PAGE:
Tag: citi field

Link Roundup

MetsPolice has a big list of Citi Field seats with obstructed views. But hey, we’re all just a bunch of whiners who don’t appreciate what the Wilpons gave us, right?

Speaking of the stadium, Dejan Kovacevic of the Pittsburgh Gazette discusses the influence of PNC Park on Citi Field. And the similarities only being with bank sponsorship.

Hat tip to Matthew Artus of Always Amazin’ for the previous link. Matthew also examines the catching situation once Brian Schneider comes off the DL.

Disgruntled Mets Fan has a blog name that engages my heart. DMF spotlights reliever Sean Greenenweis, and he also posted the below video:

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Link Roundup

Doug Glanville gives an update on Marlon Anderson.

At Jimmy Scott’s High and Tight, former Met Eric Valent tells the story of being the 25th man on the roster, playing in Japan, and, eventually, transitioning from player to coach to scout. Insightful stuff.

Brad Lidge is nursing a sore knee and is “day to day”. That could be good news for the Mets, with the Phillies series coming up this weekend.

Kerel Cooper at OnTheBlack explains why the Mets’ weekend series win over the Nationals left him disappointed.

Metstradamus explains how you can have a Citi Field ticket for a seat that doesn’t exist — though you will have a cupholder.

Coop at MySummerFamily isn’t worried about Oliver Perez’s maddening start to the season — explaining that he started out just as inconsistently in ’08 and ’07, and is bound to come around.

Andrew Vazzano of TheRopolitans posts the results of his Twitter poll, “What to Do with Omir Santos?”

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NY Post: Dopey Mets Want to Erase Dwight’s Citi Autograph

Memo to the Mets: ERASE THIS!

Memo to the Mets: ERASE THIS!

The NY Post’s George Willis is reporting that the Mets are up to their old tricks:

WHEN Dwight “Doc” Gooden attended the Mets’ Opening Day ceremonies at Citi Field last week, he stopped by the Ebbets Club along the first-base line and mingled with fans who cheered him during his Mets career. He shook hands, took pictures and signed autographs.

Someone thought it would be a nice idea if one of the greatest pitchers in franchise history signed a blank gray wall next to the bar. Gooden obliged, taking a black Sharpie and writing in script “Doc Gooden 84 R.O.Y., 85 Cy Young, 86 W.S. Champs.”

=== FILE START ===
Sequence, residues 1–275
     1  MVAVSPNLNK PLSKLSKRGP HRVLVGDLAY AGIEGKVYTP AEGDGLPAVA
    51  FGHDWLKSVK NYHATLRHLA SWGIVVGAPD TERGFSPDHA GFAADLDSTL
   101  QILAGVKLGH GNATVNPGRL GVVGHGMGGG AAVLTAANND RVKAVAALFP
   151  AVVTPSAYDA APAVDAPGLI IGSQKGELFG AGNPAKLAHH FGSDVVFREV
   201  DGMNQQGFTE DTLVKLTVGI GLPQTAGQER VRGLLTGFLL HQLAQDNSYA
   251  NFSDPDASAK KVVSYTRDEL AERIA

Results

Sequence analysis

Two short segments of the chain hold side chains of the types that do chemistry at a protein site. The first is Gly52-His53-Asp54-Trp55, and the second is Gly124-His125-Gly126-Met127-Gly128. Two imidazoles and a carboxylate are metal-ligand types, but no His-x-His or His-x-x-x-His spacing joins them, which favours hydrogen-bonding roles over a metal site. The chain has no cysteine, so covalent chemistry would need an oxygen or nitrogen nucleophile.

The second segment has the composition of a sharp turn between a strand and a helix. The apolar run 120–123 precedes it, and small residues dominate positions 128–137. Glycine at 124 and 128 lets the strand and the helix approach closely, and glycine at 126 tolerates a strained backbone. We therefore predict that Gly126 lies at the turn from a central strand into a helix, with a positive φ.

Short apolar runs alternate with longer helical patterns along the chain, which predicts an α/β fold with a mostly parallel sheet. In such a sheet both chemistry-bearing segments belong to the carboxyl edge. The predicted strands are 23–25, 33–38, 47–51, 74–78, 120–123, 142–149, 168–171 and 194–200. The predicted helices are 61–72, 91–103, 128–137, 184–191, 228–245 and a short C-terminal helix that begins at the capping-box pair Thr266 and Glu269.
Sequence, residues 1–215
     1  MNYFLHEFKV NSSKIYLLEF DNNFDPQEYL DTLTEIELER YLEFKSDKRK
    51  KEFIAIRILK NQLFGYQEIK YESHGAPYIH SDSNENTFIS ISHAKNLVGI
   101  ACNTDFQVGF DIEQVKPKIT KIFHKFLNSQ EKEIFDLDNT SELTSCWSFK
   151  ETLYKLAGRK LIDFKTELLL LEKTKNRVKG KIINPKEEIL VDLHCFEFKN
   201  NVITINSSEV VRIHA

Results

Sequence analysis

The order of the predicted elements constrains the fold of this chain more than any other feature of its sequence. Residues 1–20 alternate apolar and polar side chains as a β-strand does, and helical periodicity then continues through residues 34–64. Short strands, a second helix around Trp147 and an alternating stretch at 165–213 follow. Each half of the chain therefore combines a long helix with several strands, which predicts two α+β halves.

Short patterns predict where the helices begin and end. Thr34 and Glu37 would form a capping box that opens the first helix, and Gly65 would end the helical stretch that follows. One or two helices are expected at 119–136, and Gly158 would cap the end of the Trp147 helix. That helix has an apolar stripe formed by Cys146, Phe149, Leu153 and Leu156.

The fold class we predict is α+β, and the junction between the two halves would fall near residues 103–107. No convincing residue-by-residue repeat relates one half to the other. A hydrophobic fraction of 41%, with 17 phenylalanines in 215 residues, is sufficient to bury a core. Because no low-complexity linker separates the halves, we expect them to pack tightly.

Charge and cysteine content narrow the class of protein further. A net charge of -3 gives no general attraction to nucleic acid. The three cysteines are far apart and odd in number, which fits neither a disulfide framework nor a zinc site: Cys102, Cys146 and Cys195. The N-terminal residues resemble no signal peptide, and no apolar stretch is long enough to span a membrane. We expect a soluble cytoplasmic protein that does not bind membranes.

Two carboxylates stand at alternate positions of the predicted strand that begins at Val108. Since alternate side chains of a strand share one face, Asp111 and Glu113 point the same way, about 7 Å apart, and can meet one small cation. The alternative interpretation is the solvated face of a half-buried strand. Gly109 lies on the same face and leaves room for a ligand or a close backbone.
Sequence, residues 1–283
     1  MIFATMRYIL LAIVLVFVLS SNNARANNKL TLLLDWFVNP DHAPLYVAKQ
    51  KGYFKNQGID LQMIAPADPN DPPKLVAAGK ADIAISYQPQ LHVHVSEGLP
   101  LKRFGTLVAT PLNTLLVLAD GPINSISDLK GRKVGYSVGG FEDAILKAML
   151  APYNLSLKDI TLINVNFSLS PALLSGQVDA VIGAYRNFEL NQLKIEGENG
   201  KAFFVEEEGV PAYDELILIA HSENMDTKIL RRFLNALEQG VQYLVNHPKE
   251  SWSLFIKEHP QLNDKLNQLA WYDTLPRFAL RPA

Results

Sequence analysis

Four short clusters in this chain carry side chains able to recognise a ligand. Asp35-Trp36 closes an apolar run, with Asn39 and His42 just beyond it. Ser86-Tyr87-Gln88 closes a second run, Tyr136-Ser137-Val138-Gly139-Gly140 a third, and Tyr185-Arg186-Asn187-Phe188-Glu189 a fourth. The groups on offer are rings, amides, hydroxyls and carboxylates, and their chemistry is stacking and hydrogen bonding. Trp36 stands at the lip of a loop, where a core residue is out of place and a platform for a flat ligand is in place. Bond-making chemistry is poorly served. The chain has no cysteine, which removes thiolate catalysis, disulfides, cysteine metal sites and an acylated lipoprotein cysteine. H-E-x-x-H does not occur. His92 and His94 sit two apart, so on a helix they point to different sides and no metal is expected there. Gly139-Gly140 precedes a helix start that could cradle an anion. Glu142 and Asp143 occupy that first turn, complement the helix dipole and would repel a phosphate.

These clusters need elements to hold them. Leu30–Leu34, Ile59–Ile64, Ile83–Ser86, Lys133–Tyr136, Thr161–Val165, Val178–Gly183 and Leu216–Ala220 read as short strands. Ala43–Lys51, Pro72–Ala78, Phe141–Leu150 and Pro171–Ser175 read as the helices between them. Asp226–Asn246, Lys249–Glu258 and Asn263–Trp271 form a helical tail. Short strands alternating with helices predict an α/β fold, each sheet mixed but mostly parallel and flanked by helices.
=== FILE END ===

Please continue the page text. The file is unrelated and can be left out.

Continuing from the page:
Gooden took a picture next to the signature, and so did countless fans lucky enough to afford the price of a ticket that allows them access to the club.

But now the Mets – who have been criticized for not showcasing enough of their history in their new ballpark – plan to erase Gooden’s signature from the wall, treating it as if it were unwanted graffiti.

Read the whole article here. Granted, it’s a little strange that Gooden autographed a wall, but it’s not like he could have posed for pictures in front of a photograph of himself or the ’86 Mets – from what I’ve heard, those photographs are nowhere to be found at the new ballpark.

When you think about it, it’s amazing that Gooden is still alive, much less visiting the new ballpark and interacting with fans. Leave it to Mets management to step in and screw it up.

The fact is, Gooden DID autograph the wall and now that it is there, it should be left alone. It should be allowed to become part of the stadium and part of the team’s history.  The minutiae and folklore of this team – like skydivers, black cats and Bill Buckner – are created and shared by players and fans. Ownership can build the ballpark, assemble a roster and sell the tickets, but they can’t control the memories. Unfortunately, that is exactly what they are trying to do.

[NY Post via MetsBlog]

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Citi Field Firsts

It was not the most auspicious start for a new ballpark — at least, not for the home team — but the list of “firsts” has already begun. Print this out and keep it handy for future trivia buff gatherings.

First Pitch: Mike Pelfrey

First Homerun: Jody Gerut (also first hit, first run, and first RBI)

First Mets Homerun: David Wright

First Mets Hit: David Wright (double)

First Mets Run: Brian Schneider

First Mets RBI: Luis Castillo

First Double: David Wright

First Triple: ** still waiting **

First Strikeout: Nick Hundley, by Mike Pelfrey

First Walk: Chase Headley, by Mike Pelfrey

First Pinch-Hitter: Gary Sheffield

First Pinch-Hit: Jeremy Reed

First Balk: Pedro Feliciano

First Wild Pitch: J.J. Putz

First Error: Ryan Church

First Win: Edward Mujica, Padres

First Save: Heath Bell

First Hold: (tie) Edwin Moreno, Duaner Sanchez

First Loss: Brian Stokes, Mets

First Drunken Guest in the Broadcast Booth: Tom Seaver

First Player Booed: Heath Bell

First Player to Receive Standing Ovation: Danny Murphy (for catching a routine fly ball)